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A fighter to the end
von Daniel von Bernstorff | 7/20/2007

Typical somehow, the tardiness in writing about the death of one of Italy's really greatest designers. All the more Dino Gavina retreated from the public eye in the last decades, all the less was published on his sudden death on April 6.

He was probably the last person who wished to hear great elegies on himself. In his lifetime he was too committed to a mission - one which was concerned with the well-being of the design discipline and never with himself.

Born in 1922 in Bologna "his" city in which he has also now died, he took his first steps in the furniture world at the end of the 1940s with a variety of theatre projects. 1953 was a decisive year for his career when he met Carlo Mollino, Carlo De Carli, Achille and Pier Giacomo Castiglioni and Carlo Scarpa at the 10th Milan Triennale.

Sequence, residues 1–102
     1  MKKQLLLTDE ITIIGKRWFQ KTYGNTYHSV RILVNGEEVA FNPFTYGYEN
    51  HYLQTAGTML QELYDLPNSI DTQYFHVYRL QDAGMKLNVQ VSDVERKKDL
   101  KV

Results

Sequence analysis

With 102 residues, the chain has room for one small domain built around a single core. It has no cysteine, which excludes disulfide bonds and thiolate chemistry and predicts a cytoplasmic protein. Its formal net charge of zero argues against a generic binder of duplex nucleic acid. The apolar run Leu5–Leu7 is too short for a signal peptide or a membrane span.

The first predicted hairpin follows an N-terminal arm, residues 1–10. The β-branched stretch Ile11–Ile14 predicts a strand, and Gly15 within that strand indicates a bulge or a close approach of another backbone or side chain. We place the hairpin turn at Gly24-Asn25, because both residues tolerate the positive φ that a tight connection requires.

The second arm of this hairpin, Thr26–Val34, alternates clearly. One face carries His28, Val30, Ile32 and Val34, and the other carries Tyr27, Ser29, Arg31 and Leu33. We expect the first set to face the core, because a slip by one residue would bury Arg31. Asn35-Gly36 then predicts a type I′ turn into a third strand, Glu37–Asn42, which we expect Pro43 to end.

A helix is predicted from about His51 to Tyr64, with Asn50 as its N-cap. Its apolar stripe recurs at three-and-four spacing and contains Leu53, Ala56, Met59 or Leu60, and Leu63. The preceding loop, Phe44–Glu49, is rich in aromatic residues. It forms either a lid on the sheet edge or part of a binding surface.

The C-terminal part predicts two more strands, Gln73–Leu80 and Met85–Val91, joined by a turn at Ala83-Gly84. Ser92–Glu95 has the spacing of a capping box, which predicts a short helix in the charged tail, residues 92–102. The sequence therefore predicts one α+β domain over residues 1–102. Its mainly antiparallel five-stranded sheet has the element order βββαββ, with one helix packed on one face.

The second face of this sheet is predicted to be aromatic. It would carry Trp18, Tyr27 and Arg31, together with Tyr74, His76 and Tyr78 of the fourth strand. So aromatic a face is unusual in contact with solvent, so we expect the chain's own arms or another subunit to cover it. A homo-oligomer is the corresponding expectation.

As a result, Gavina was always concerned with the holistic, he was close friends with artists such as Lucio Fontana and Man Ray and hated kitsch and small-mindedness.

As co-founder of companies such as Flos, Simon International and others he bore a considerable influence on Italian design after the war. In 1962 he acquired the license from Marcel Breuer for his tubular steel furniture, but distanced himself again when he feared it was becoming too commercial. This was almost always the way it was. If Dino Gavina saw his ideals disappearing he took his leave and often did without the big monetary benefits. In a certain way this made him a tragic figure - but at the same time an eternal paradigm which is still valid today.

Cover designs from Dino Gavina for the Stylepark Magazine, 2006
Dino Gavina (in the middle) with Pier Giacomo and Achille Castiglioni